Journalism and Electronic Media

Hover over each photo to find out more about each person

Ashlyn Tubbs Theresa Malicki Sarah Scroggins Jordan Polk Todd Chambers, Ph.D. Ben Jarvis Tanner Tate Andrew Byrne, M.A. Don Ellis
James Faust Jessica Smith
Blake Silverthorn Linda Rutherford
Sydney Holmes Tod Robberson
Louis Ojeda Lily Lou

Tori Santos Erika Laffin Lauren Estlinbaum Rob Peaslee, Ph.D. Kaitlyn Cennamo Jennifer Mckown Julie Fisher Timothy Honeycutt Jerod Foster, M.S.


Journalism

8/4/15

  • The Region 8 Society of Professional Journalists honored Lucinda Holt, a recent graduate from the College of Media & Communication, as a national finalist in the Online Feature Reporting category of the 2014 Mark of Excellence competition for her story "American Dream, Mexican Nightmare."

    Holt graduated from CoMC in December 2014 with a Bachelor of Arts Degree in Journalism and a minor in anthropology. She said she began working on the story in her Advanced Reporting class taught by Randy Reddick, Ph.D. After the students were told to pitch several topics, Holt said she felt that a piece on immigration was "The One."

    "Immigration has always been a hot-button issue, yet very necessary," Holt said. "The first angle I chose was the one of the immigrant – an angle that is often underrepresented. I was fortunate enough to have met a family who was willing to share their heartbreaking tale of loss and unity, struggle and strife. In this process, I was also able to meet a woman who had been apprehended and detained by authorities for bringing undocumented children across the border."

    Holt said she then traveled to Juarez, Mexico, to take a closer look at the perspective from "the other side of the fence." She explained that she worked closely with Reddick, who guided her with statistics, advice and encouragement.

    Reddick, the Morris Professor of Journalism in CoMC, said that when students in Advanced Reporting pitch a topic, they are required to follow the "Three-D Depth Reporting" rule where their project includes documents to add their unique perspective to the story, data to help put an issue into some form of objective context, and diverse sources to give voice to all the players in an issue.

    While "American Dream, Mexican Nightmare" started as a semester project, Reddick said that Holt continued to work on it, surpassing the project's requirement. "It was much more than just an assignment to her, especially as she got into it," Reddick explained. "I would send Lucinda a note about documents or data or even sources that I ran into in my reading that might help put her story into context or provide new perspective."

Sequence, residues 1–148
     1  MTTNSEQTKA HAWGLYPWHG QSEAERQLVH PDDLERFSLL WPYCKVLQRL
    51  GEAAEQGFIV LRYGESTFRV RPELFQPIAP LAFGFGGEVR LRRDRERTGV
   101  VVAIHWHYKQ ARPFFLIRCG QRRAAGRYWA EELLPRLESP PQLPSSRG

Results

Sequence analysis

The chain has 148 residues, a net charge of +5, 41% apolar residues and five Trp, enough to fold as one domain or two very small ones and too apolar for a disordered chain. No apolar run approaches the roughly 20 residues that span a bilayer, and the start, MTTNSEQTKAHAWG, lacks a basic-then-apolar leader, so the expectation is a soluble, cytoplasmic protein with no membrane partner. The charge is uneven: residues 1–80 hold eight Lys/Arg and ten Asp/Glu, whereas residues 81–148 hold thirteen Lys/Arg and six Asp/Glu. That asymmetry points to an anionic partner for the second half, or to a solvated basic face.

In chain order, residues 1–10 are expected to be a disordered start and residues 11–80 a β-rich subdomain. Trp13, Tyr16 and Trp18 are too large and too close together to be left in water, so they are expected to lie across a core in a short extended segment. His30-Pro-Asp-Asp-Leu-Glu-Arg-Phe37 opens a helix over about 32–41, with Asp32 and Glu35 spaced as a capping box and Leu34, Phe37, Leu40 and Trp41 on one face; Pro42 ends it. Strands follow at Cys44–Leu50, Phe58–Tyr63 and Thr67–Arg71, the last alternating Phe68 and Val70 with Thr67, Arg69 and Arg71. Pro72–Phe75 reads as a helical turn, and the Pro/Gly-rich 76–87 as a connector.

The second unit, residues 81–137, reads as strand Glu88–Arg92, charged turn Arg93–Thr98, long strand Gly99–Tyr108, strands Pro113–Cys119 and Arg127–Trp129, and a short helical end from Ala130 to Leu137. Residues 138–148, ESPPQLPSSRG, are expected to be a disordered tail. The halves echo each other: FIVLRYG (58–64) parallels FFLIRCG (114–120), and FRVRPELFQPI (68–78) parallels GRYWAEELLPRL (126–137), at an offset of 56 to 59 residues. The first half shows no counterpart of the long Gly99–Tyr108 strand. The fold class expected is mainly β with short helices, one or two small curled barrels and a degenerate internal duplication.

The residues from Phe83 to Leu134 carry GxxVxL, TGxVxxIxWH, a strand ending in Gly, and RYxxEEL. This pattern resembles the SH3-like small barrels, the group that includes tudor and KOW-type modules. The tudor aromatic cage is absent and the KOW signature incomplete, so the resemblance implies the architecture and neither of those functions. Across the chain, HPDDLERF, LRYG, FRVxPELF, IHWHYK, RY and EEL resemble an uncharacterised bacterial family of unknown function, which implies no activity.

Reddick said that in addition to following up on leads for the story, Holt also did an incredible job of developing her own sources. "Throughout the project, it was clear Lucinda had a rare combination of compassion and healthy skepticism toward the human subjects of her story," Reddick said, and went on to explain that Holt also exhibited some "hard core courage" as she ventured into Juarez to document her own experience crossing the border.

    Holt said that her "biggest break" in the investigation for the story occurred when she had the opportunity to do a personal ride-along tour with border patrol agents, which gave her insight into law enforcement operations and tactics.

    "For me, this story was genuinely a labor of love and I could not have done it without the support and guidance from my family and CoMC family – specifically Dr. Reddick, Professor Brewton, and Alicia Keene," she said.

    Holt is also a former Enterprise Editor at The Hub@TTU, a multimedia student-run publication in CoMC. Sarah Self-Walbrick, a CoMC master's student and the Hub's Graduate Managing Director, said that working with Holt has been one of the highlights of her time at The Hub@TTU.

    "She has endless story ideas, and knows how to execute them in the most effective way possible," Self-Walbrick said of Holt. "She has a passion for reporting on issues that actually impact people, and hopes to make a change in the world through her reporting. Even though she hasn't worked for us since the fall 2014 semester, I still call and ask her advice on how to go about certain stories. She is truly an inspiration to me."

    Pete Brewton, J.D., formerly the Hutcheson Professor of Professional Practice in the Department of Journalism and Electronic Media, was the journalism faculty advisor to The Hub@TTU in 2014. He described the story as one that took the kind of guts rarely if ever seen in college reporting. "Lucinda Holt went above and beyond the call of duty to get this story," Brewton said.

8/19/14